DESTIN — Gov. Rick Scott brought his jobs message to the Panhandle on Tuesday, telling local business leaders he will keep his promise to make Florida the best state for job creation.
"This state is ripe for success," Scott said. "The expectations for our state are unbelievable right now."
The expectations are also high for Scott, who has promised to create 700,000 jobs and make Florida much more business-friendly by cutting taxes and red tape while building the nation's best-educated work force.
On the job just two weeks, Scott made a return trip to a struggling region that provided strong support for him in the election. It's an area desperate for jobs and hungry for an economic resurgence after the 1-2 punch of the recession and the gulf oil spill.
Tuesday's roundtable included hoteliers, developers, marina operators, accountants and lawyers, all with a stake in Northwest Florida's tourism and defense-dependent economy. The locals loved Scott's anti-regulation message and praised him for his executive order freezing many new regulations, giving the 45-minute discussion a campaign feel. (At one point, Scott said, "We're going to win.")
State Sen. Don Gaetz, R-Niceville, ran the proceedings, describing the participants as "people who sign the front of paychecks" and Scott "the real deal" when it comes to creating jobs.
Gaetz is expected to be a key advocate for Scott's agenda in the Legislature, and he said that while Scott is saying all the right things, there is a hunger for more specifics. "I would say there's a significant anticipation as to, 'Okay, what are the details? What's he thinking about, fill in the blank,' " Gaetz said.
Steve Riggs, a politically active local CPA, said Scott's pro-jobs pitch is welcome, as is the fact that the governor and ex-hospital executive is not a professional politician.
"It's refreshing. It's different from what we normally hear," said Riggs, who described the state Department of Environmental Protection as the state's largest "terrorist organization."
Scott, still moving slowly at filling key administration posts, said he will introduce the new DEP secretary, Jacksonville executive Herschel Vineyard, at today's first meeting of the new Cabinet.
In the Emerald Grande resort, Scott told business leaders he is cold-calling chief executives around the country, asking them to move jobs to Florida. He said he is considering trade missions to Japan and Colombia this year.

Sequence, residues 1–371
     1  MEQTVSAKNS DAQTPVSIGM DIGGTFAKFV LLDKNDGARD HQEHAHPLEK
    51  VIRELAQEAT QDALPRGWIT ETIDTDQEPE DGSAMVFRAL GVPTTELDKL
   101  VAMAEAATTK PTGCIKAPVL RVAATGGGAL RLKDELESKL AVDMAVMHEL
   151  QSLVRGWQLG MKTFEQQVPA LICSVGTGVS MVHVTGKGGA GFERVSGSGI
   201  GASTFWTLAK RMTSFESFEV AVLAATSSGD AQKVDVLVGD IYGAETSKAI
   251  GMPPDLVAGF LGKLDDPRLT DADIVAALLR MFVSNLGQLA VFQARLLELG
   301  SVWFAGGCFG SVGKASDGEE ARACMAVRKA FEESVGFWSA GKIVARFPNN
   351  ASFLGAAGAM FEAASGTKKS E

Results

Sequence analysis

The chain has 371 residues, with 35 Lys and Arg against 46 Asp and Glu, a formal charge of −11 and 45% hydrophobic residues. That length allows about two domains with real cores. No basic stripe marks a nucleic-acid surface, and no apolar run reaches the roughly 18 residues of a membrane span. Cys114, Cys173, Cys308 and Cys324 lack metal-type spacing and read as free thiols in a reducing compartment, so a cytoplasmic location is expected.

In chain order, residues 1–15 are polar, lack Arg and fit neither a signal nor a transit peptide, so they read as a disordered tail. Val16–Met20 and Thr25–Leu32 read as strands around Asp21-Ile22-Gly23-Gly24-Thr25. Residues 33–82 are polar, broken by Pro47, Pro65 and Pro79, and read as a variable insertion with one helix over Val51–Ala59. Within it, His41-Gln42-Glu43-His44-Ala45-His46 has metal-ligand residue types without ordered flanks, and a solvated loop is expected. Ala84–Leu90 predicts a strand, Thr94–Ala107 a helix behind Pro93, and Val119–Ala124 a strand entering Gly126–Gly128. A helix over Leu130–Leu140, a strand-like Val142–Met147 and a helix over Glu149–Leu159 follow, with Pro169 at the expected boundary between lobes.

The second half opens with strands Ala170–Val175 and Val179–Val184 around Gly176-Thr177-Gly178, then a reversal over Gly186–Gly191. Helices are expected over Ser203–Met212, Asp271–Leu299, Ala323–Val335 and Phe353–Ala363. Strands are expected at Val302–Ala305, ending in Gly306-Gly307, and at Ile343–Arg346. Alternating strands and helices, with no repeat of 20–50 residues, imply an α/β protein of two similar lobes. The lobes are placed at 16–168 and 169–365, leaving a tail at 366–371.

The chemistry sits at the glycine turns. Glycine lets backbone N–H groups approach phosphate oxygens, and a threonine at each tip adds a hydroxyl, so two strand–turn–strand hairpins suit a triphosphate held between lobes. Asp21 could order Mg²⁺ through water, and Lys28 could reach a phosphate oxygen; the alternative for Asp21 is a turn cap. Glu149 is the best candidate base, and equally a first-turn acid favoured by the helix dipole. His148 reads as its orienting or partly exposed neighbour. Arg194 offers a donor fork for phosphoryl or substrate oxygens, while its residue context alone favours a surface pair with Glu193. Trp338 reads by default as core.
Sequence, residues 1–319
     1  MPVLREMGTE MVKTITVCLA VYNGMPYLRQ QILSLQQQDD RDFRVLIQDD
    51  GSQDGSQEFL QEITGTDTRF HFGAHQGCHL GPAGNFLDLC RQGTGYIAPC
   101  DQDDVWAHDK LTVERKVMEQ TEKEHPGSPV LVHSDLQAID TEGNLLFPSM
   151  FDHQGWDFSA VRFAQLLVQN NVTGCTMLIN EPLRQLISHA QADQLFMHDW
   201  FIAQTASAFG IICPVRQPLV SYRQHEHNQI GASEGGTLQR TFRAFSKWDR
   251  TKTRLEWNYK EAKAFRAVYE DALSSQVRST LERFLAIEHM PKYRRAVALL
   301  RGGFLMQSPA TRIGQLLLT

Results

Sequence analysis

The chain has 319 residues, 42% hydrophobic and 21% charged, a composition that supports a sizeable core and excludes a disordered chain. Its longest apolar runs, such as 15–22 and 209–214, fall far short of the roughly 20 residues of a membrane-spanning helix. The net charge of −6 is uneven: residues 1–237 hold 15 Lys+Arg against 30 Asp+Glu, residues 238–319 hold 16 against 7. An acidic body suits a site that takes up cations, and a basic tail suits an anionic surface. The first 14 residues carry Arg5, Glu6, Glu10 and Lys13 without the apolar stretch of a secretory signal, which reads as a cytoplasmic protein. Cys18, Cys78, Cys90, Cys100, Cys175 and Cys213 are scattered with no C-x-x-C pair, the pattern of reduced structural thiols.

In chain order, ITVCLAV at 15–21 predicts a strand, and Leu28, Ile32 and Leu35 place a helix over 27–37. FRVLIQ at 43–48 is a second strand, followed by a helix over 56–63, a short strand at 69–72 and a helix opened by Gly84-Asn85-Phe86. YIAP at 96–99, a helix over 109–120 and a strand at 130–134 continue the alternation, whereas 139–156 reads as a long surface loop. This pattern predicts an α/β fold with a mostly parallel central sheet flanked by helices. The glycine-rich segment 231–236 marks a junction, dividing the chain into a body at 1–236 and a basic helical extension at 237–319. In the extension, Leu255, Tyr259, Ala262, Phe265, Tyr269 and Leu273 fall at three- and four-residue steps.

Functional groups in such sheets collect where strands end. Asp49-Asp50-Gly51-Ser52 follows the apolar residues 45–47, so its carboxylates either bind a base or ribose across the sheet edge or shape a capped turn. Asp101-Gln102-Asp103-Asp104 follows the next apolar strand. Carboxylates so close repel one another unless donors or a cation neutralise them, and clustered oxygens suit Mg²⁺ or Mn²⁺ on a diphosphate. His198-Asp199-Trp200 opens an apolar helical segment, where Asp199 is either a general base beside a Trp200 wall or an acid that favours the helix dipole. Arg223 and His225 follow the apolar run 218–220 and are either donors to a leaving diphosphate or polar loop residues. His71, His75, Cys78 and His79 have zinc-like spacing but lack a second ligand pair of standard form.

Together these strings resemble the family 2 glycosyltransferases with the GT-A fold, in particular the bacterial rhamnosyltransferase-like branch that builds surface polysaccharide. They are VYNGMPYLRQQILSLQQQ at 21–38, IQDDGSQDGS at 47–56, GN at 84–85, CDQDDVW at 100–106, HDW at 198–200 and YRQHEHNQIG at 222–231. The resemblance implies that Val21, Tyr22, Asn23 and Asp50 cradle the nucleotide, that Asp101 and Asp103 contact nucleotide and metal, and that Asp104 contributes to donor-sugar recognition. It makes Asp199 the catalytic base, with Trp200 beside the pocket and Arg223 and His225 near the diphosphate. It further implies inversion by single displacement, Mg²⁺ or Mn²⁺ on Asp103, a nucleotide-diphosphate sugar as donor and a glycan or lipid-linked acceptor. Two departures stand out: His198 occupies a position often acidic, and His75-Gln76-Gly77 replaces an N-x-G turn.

While in Destin, Scott also hailed the decision by Vision Airlines, an Atlanta-based charter service, to offer daily nonstop flights from 20 cities to Fort Walton Beach, just across the bay from Destin. Among the 20 cities, flights will originate from St. Petersburg-Clearwater International and Fort Lauderdale-Hollywood International airports starting in April.
With its fleet of Boeing 737s, the airline sees a lucrative corridor flying vacationers to Destin's white sandy beaches from Knoxville, Louisville, Little Rock and other Southern cities, with one-way fares starting at $89.
The airline's Florida expansion was in the works for the past six months — long before Scott was elected in November. But a top company official said Scott's election was "the straw that tipped the scales for us."
Vision Airlines' chief operating officer, David Meers, told Scott his firm is looking at new locations for its aircraft maintenance operation, dangling about 500 good-paying jobs before the self-proclaimed "jobs governor."
"When can we talk?" Scott asked Meers jokingly.
Area economic development experts say the Vision Florida expansion will bring 4,200 "direct and indirect" jobs to the region, citing research by Northwest Florida State College.
"Only 695,000 more to go," joked state Rep. Matt Gaetz, R-Destin.
Scott said a friend compared him, and Florida, to NFL coach Bill Parcells, who gained a reputation for taking over football teams just as they were on the cusp of greatness.
"I hope that's true," Scott said.